So the big market move this week wasn’t from the election, but a softer Consumer Price Index that reads hoping (or delusional) the Federal Reserve will soon ease its historic tightening.
The supporting role that fiscal policy plays can help. As the saying goes, “Wall Street loves gridlock.” There is some truth to it. The S&P 500 has historically outperformed in divided government. Since 1950, there has not been a single negative market return in the 12 months following a midterm election. The theory goes that post-election creates more certainty and divided government means fewer laws can be passed. This reduces policy risks and thus creates less volatility for the markets. A divided government next year will not pass a progressive spending agenda that reverses the downward trajectory of deficits and forces the Fed to raise rates further.
In fact, next year’s 118th Congress is not where political leaders will receive their legislative legacies. If Republicans win back the House, this is where they plant the policy seeds with messaging bills on things like blocking IRS funding, fighting against ESG investing, and increasing fossil fuel production. Political parties are more cohesive and ideological, so a Republican conference with a narrow majority is likely to pass these bills in the House. Of course, these bills will not pass the Senate, where a 60-vote majority is needed to pass. But the seeds planted next year become the laws and regulations of 2025 if Republicans control the White House and Congress.
There’s a Merger Between the Distributions That Can Still Impact Marketing
The partisan secret of Washington, DC is that most of the major legislation passed each year is done on a bipartisan basis. Things that get done in a divided government may not make the headlines.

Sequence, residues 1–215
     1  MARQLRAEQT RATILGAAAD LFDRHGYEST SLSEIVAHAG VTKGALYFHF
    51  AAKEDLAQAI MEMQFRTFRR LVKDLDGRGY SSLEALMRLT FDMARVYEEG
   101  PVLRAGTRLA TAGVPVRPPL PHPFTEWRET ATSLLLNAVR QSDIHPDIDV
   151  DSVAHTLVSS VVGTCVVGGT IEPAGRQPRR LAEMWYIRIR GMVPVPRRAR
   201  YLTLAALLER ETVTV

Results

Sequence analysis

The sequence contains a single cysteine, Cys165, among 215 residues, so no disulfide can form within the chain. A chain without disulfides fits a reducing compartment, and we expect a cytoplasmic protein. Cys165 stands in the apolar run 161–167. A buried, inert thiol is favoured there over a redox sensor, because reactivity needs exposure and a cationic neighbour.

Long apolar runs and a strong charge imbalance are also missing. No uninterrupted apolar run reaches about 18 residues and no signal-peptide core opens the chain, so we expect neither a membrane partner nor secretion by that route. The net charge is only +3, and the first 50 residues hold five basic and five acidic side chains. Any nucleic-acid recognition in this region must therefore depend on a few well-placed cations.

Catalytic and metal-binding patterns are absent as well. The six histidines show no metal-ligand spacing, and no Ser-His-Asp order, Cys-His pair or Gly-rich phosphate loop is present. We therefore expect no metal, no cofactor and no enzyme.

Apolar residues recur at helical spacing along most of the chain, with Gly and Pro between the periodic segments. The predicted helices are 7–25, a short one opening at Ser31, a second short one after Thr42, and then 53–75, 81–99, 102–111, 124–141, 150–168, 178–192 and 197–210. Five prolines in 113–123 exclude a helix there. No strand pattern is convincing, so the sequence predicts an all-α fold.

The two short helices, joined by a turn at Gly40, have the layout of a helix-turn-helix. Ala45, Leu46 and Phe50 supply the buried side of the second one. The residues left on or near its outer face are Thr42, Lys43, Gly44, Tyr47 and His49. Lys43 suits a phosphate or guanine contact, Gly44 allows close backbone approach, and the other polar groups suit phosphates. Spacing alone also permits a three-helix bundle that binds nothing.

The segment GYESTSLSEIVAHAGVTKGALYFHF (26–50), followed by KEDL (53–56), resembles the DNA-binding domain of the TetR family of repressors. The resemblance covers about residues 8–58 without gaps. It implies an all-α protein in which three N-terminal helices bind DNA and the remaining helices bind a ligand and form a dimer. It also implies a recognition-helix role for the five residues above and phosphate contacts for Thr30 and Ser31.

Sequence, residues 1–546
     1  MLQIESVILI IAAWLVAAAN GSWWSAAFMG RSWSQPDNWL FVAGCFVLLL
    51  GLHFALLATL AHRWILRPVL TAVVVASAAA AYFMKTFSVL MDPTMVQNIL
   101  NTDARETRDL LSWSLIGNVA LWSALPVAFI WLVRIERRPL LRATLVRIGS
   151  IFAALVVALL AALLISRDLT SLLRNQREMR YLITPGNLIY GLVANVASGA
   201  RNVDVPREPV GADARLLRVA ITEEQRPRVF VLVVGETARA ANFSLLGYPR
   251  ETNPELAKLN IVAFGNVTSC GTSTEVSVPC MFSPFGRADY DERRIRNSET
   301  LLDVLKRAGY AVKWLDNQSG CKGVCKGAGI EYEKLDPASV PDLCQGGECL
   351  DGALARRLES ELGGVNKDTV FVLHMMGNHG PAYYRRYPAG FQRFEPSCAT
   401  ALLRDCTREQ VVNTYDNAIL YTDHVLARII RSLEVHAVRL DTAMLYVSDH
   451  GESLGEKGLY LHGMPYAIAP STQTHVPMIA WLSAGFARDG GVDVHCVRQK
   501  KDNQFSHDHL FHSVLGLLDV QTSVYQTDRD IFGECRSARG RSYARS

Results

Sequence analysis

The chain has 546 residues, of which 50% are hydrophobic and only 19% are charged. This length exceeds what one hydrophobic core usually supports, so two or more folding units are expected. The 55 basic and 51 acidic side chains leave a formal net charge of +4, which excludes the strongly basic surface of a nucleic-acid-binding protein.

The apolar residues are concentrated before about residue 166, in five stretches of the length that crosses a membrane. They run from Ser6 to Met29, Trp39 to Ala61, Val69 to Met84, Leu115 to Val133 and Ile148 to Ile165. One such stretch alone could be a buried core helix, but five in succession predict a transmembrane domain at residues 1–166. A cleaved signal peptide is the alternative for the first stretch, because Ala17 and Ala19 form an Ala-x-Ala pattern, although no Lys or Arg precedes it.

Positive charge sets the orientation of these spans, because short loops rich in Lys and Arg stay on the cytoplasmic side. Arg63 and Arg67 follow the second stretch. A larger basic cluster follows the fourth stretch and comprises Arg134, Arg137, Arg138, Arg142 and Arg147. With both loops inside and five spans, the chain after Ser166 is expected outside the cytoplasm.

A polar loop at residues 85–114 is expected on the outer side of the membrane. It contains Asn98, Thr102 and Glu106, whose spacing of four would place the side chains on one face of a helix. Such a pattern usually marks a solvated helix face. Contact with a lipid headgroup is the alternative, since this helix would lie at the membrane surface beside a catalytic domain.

That’s what Simon Bazelon and Matthew Yglesias created “Secret Congress”. There are some issues that don’t fuel partisan hatred, allowing progress to happen under the radar. Even some high-profile bipartisan efforts at political marriage are short-lived. Fewer than a quarter of voters know that Congress passed the $1.2 trillion Infrastructure Investment and Jobs Act last year. The bipartisan legislation includes some of the largest investments ever in areas such as public transportation, bridge construction, and broadband deployment.
Today, there are many political issues that fly under the radar and cannot be divided along traditional Republican and Democratic lines. All can have meaningful implications for various industries.
Both parties are increasingly hostile to China, with bipartisan support for exploring foreign investment in foreign countries and strengthening ties with Taiwan. Republicans and Democrats continue to tout crypto policy as a bipartisan partnership worth advancing, especially in the wake of the FTX debacle. Allowing the reform is in the interest of both parties as a way to accelerate domestic energy production. The data privacy legislation has bipartisan support that will continue to push for action in the next Congress. The telehealth industry has seen broad congressional support for its adoption and expansion into the healthcare space.
Of course, there is always tax policy. In addition to major partisan battles over rates, the tax lobby creates bipartisan alliances for some industries. Especially with the potential economic slowdown, bipartisan calls will only increase to provide tax relief for housing, corporate R&D, and gig economy workers.
While all of these bipartisan efforts are not guaranteed to pass into law, the legislative wheels are set in motion, regardless of what the midterm results look like.